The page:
Sample business plan

This sample plan is a guide only. The statistical and financial information provided are assumptions for the case study and should not be used for an actual business plan. Intending or existing business people must undertake their own research and use reliable data to prepare their business plans.

When setting up your business, be sure to find out which legislation, licences and codes of practise will affect your enterprise.

Executive Summary


The Executive Summary is a basic overview of your business plan that outlines the business strategy and the major issues that could impact on your marketing plan.

This synopsis is written last and used as a check-list for the main document. This can also include a mission statement.

Case Example

Canterbury Renovations will specialise in the renovation of domestic kitchens, bathrooms and laundries. The business is expected to expand in two or three years to include residential construction.

The business emphasis will be the delivery of high quality products and services, the reinvestment of profits into business growth and the development of a strong business identity.

As the proprietors, we have a combined building background with a flair for interior design. Our research found a number of suitable premises available, with one shop currently available for rent and outgoings of $14,000 per annum.

The initial funding will be $85,000. This comprises of $40,000 provided by the proprietors and a $45,000 overdraft, secured through the provision of a mortgage on our home. We expect to achieve a turnover of $300,000 in the first year, which yields a gross profit of $50,000 after an owner salary is paid. This will pay overhead expenses such as rent, interest and advertising.

In the second year, we expect the annual turnover to be $450,000, and to employ two additional staff.

This growth is predicted to occur as a result of a strong marketing strategy and the development of a reputation for supplying excellent products and services. The manufacturing works may be required to relocate to an industrial site in the future and this would require additional finance.

Mission Statement (Optional)

The core activity of Canterbury Renovations will be the renovation of kitchens, bathrooms and laundries. The business will provide a complete service, including free designs and quotes, supply and installation of equipment and fittings, all associated building services, after sales maintenance and a seven-year guarantee covering workmanship.

Your Business Products and Services


It is important to identify your products and services in the plan. You need to consider these in terms of existing competition and market perception. You will need to market new products differently to those already well established.

Case Example

Canterbury Renovations is a new business with no existing clients, projects or history. We provide timber, tiles, paint and plaster with our renovations services. Our products will also include built-in appliances such as ovens, microwaves, cook tops and dishwashers, which will suit each individual project.

Although these products are available through other businesses, we offer them as part of a service rather than a stand-alone product. One company in the western suburbs also offers these appliances as part of their renovations package, but they do not service the eastern suburbs.

Our main competitor Balwyn Kitchens does not supply equipment when installing new kitchens.



To run a business, you need to have premises. It may be a home office, a mobile service, a business centre office or a shop, and the location should appeal to customers. Compare the premises to your competitors' premises and consider the marketing advantages.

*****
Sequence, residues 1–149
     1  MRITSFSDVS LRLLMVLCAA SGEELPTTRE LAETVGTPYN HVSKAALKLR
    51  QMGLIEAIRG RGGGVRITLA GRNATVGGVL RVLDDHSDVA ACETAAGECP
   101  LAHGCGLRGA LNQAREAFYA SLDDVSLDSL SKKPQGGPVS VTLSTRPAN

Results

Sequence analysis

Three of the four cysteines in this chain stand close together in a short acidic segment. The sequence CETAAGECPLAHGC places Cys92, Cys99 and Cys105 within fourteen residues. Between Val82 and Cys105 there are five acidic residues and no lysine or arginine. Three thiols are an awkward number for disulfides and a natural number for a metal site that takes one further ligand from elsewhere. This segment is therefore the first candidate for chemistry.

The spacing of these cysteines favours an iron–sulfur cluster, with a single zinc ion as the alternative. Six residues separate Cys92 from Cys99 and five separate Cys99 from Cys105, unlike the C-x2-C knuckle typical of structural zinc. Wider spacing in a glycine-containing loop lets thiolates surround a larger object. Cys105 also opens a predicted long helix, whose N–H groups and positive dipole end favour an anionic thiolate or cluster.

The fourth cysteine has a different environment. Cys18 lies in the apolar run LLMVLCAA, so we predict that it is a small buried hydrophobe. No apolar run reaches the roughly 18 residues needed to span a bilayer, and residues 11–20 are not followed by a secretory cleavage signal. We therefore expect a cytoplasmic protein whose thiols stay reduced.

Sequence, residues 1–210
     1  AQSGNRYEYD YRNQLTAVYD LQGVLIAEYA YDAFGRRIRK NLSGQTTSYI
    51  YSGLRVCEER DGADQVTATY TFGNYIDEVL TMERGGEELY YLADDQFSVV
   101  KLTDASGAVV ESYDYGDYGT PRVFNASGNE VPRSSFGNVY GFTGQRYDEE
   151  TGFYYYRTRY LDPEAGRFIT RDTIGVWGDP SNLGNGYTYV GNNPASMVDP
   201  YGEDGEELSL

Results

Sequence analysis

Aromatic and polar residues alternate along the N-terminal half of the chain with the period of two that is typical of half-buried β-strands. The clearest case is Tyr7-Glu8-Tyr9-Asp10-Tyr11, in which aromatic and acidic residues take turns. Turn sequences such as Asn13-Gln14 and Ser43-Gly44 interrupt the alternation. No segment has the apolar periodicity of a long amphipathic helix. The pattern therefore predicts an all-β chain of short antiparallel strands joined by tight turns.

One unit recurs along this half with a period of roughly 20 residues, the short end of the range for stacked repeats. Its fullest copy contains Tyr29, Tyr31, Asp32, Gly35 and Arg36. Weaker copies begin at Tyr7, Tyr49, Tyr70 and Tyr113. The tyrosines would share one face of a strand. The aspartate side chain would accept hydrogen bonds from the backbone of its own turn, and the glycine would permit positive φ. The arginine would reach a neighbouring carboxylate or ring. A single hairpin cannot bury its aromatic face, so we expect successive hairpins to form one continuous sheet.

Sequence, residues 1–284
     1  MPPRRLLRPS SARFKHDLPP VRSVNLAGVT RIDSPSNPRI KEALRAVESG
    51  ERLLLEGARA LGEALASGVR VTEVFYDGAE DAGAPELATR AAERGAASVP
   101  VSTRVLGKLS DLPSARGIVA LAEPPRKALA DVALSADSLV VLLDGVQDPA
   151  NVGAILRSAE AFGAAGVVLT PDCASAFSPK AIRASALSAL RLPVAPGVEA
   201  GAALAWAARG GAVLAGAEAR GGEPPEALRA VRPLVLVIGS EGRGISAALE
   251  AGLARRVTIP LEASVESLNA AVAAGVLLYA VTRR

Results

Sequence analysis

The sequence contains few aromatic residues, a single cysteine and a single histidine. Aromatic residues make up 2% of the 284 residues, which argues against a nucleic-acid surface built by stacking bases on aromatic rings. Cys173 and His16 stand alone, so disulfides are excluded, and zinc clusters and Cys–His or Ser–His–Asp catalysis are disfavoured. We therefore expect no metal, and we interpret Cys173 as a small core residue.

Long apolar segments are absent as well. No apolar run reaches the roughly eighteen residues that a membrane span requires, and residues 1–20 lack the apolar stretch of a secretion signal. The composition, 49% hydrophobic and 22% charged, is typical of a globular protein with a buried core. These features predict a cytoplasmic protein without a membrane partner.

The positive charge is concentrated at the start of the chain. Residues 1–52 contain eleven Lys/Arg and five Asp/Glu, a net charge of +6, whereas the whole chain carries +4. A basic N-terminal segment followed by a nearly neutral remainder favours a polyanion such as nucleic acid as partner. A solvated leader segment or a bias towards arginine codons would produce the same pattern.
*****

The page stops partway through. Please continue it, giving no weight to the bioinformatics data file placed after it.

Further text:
Premises can be optional and both external and internal business factors need to be considered. Marketing analysis and research (conducted using the separate Marketing Plan attachment) can help identify your position.

Case Example

Canterbury Renovations will establish a showroom in the eastern suburbs to allow demonstration work of products and provide a space for discussion, planning and the signing of contracts. However, such discussions can similarly take place at the home of prospective clients.

The premises will also allow for storage space and some manufacturing work will take place at our residence, which has council approval as a home-based business premises. SWOT Analysis


A SWOT (strengths, weaknesses, opportunities and threats) analysis can provide a lot of useful information for a business. It can give direction to the business and its marketing strategies. The results need to be concise, relevant and interesting. The report should give an understanding of the business aims, and key issues and objectives should flow from it easily.

Some factors to consider for this analysis include:

  • unique characteristics of the business
  • amount of money available
  • existing client base
  • suppliers and distributors
  • price structure
  • profit margins

Key issues

Drawn from the SWOT analysis, the significant issues for Canterbury Kitchens are:

  • inexperience and lack of brand awareness
  • sufficient funds for projections but limited resources for growth
  • keeping projects affordable if materials costs increase unexpectedly
  • need to gain knowledge in recruiting and managing staff

Key opportunities

Key opportunities include:

  • providing good customer service that will increase market perceptions and earn word of mouth advertising
  • popularity of renovations in the area
  • utilising technology to promote business and keep staff contact
  • good networking allows good service and joint promotional activity

Personnel Planning


You will need to consider business size, service level and hours or operation to determine the staff you will employ. It is also important to establish what skills and experience they should have, the possibility of training, recruiting, replacing and the roles your staff will take.

Case Example

We have industry experience, but need training and experience in managing staff. Canterbury Renovations has a team of dedicated and qualified staff and we will provide training in the areas of our preferred service technique and business style.